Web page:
The Unlikely Sources of Foreign Munitions Uncovered in Ukraine

On February 24, 2022, Vladimir Putin launched what is estimated by the US military to be the largest land war in Europe since World War II. Despite stunning the world with the size and intensity of initial operations, and breaking preconceived notions about military power in the region, one aspect which caught many commentators off guard was the Russian military’s failure to achieve air supremacy over Ukraine. Ukraine’s foothold slowly faltered, as well, and with neither side being able to dominate the air, the war shifted to a predominantly artillery-based conflict, focused heavily on attrition. According to some estimates, 80% to 90% of all casualties on both sides of the war can be attributed to artillery. 

During the grueling and often chaotic early days of all-out war, Ukraine had to use vast stocks of Soviet-era ammunition. By early summer 2022, projections estimated that the Ukrainian Armed Forces had almost none of its pre-war ammo stocks left.

The situation reached critical levels by mid-summer 2022, with Russian forces able to advance under the onslaught of mass artillery fire, occupying and often razing vast swaths of Ukrainian land.

Ukraine’s allies scrambled to supply whatever forms of heavy ordinance they could find, with 82mm and 120mm mortar bombs, 122mm and 155mm howitzer ammo, 125mm tank shells, and various artillery and anti-air munitions finding their way into Ukrainian Armed Forces stocks during the course of the invasion.

With attrition often outpacing supply from typical allies like the US and Poland, armaments from other more unusual sources have slowly begun to appear in Ukrainian arms stocks. With the aid of OSINT, Offbeat Research was able to identify many of these unique and unusual ammunition types and trace down their country of origin.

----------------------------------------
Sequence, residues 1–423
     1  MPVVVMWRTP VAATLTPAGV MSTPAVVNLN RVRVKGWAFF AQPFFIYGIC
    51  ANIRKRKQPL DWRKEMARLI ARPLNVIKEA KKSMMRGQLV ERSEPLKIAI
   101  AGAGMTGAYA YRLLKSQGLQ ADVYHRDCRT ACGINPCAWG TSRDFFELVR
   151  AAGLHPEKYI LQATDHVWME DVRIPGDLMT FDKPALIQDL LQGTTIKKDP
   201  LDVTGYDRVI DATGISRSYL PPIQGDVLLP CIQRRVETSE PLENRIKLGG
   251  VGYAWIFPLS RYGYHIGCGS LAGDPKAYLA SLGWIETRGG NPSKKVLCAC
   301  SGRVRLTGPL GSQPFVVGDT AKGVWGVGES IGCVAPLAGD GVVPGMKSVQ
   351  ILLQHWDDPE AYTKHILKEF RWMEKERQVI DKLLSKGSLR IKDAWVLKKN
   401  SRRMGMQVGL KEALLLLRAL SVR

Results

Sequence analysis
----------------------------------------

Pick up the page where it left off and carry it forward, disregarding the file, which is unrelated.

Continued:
An Offbeat Research guide to odd munitions used by the Ukrainian armed forces

The above armaments used by the Ukrainian armed forces come from a diverse set of sources, including countries often perceived as neutral, friendly, or even allied with Russia. Yet despite these superficial alliances, complicated and often informal supply chains mean tank shells from Iran, missiles from North Korea and Serbia, and mortar shells from Azerbaijan often hit Russian forces inside Ukrainian territory. 

Some of these ammo types were transferred via 3rd parties with the knowledge of the producing country’s governments, primarily for financial or economic reasons – while other ammo types were captured by the USA or its allies from sanctions-evading countries and illegal arms transfers, by nations such as Iran and North Korea. 

The quality of the ammo is also significantly variable, depending on the country of origin, factory of origin, and even the specific batches made on the production line. Ammunition such as the Serbian 122mm Grad 2000 is typically reliable and has an extended firing range of approximately 40km, while ordnance from Pakistan and North Korea is often reported to be of bad quality, with poor accuracy and a high dud rate. 

As the slow attrition of artillery-based conflict continues, one thing remains certain: ordnance supply chains will remain a core component of conflict, and parties will be forced to rely increasingly on munitions from uncommon and unique sources.

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